NGO provides battery powered bikes for rural women's transport needs


Mobility for Africa is transforming the lives of women by giving out trailered electric bikes in rural areas which they will pay for in instalments, reducing the heavy burden of having to walk long distances with heavy loads on their backs and heads. 

Working hand in hand with the Midlands State University (MSU) and the China’s Tsinghua University, the Non-Governmental Organization working has taken women empowerment to new heights, by tackling the century long transport problem.

The project is aimed at cutting the 14 million hours of unpaid labour that women give every year, taking children to school, fetching firewood, water and going to the fields and gardens. 

“The aim of this project is ambitious yet we believe that by providing mobility solutions targeted to rural women the aim is to improve their economic productivity without significant recurring costs” said Mobility for Africa Director Felicity Tawangwa. 

She adds that it is a social enterprise that aims to partner with China to introduce electric tricycles whose batteries are charged using solar energy which is free and abundant in Zimbabwe.

With job scarcity in the country the project has also created employment for graduates in the mechanics, engineering and development studies field.

A recent development studies graduate Miss Fadzai Mavhuna spoke to this reporter and said Mobility for Africa has presented a good opportunity for women to get jobs at a time when unemployment is at its highest.

“I am excited with the opportunity to help empower the previously marginalised rural women and gain experience as a development practitioner.

We have realised that women work for more than 14 million hours and this project will help reduce that number.”The pilot project, a first of its kind in the country was launched on the 20th of February 2018 at Shaka Hills Farm in Mashonaland East and the first batch of 30 bikes will benefit women in rural Marondera and Hwedza. 

With just 30 bikes so far the project is clearly in its infancy but has already started receiving raving reviews as a game changer in women’s empowerment and development circles.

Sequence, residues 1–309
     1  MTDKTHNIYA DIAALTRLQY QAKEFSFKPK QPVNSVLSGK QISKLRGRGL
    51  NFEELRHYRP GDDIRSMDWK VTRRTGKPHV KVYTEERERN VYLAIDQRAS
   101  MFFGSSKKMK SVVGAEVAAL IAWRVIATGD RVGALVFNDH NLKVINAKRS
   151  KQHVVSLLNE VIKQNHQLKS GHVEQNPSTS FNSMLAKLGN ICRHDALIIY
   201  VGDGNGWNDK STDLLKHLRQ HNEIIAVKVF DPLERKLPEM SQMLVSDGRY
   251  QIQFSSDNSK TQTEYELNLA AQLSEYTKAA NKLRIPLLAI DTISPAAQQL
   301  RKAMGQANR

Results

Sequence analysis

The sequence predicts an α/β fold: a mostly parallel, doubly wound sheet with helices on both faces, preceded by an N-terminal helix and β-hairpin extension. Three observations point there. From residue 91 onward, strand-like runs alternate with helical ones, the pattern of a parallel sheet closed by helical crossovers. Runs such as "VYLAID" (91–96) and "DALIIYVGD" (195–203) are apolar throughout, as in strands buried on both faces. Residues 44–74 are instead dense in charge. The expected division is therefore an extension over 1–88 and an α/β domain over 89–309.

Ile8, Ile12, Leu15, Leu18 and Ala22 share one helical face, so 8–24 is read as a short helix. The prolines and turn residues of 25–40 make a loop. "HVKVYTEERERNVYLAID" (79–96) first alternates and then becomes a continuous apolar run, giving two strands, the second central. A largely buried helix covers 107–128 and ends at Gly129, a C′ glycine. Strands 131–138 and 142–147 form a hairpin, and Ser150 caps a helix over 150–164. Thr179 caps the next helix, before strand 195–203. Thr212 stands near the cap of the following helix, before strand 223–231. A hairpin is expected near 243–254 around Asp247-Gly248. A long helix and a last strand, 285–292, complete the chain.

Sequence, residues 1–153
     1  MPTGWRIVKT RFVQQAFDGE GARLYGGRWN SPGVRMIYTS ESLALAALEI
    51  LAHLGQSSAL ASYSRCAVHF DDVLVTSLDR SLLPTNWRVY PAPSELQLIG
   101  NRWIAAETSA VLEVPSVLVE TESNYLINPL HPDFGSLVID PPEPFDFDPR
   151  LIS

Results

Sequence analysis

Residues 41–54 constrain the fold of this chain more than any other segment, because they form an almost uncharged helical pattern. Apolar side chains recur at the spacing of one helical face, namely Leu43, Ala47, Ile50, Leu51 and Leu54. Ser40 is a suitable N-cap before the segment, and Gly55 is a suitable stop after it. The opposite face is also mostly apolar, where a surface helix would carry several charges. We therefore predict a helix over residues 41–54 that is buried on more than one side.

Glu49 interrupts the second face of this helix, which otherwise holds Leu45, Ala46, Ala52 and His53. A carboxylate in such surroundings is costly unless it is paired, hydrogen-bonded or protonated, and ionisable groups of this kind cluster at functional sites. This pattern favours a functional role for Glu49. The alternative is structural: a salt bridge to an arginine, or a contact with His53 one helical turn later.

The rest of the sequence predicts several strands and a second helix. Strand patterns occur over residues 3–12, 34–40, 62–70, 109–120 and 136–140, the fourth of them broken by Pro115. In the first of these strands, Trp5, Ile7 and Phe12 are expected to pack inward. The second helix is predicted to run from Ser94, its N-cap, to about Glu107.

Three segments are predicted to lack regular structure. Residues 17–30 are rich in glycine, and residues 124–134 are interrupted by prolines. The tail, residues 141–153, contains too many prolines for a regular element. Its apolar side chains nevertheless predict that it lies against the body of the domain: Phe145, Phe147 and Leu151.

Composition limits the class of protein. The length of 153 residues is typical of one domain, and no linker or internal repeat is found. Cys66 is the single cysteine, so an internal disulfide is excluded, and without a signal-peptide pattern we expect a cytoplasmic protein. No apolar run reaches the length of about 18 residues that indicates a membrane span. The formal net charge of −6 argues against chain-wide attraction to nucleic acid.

On his official twitter page Transport and Infrastructure Deputy minister Fortune Chasi said the bikes will help women immensely and ensure they do not have to do the arduous task of carrying babies on their backs and water containers on their heads  while walking for many kilometres. He added that the tricycles will address the lifelong problem of the absence of ambulances in rural areas.

This reporter managed to talk to women from Mabasa approximately 40km outside of Zvishavane eho expresses excitement about the project. “Chinhu chakanaka chaizvo ichi, kwedu kuno tofambira chigayo nguva nenguva. Chikauya kuno tingayamurika chero kumagarden edutichienda patownship.”(I think it’s a good project we travel long distances to the grinding mill. If they bring them to this area we can also use them to carry our produce to the Township (Mabasa Growthpoint)) said Mai Tariro a beneficiary of another NGO Bethany Project’s We Care program which helped rural women set up vegetable gardens.

It is hoped that this initial pilot project in Mashonaland will be a success and will be spread to other areas like rural Zvishavane, Tsholotsho, Binga, Zaka and many other remote areas where women face hardships and have to travel 20 or so kilometres to fetch firewood with babies on their backs.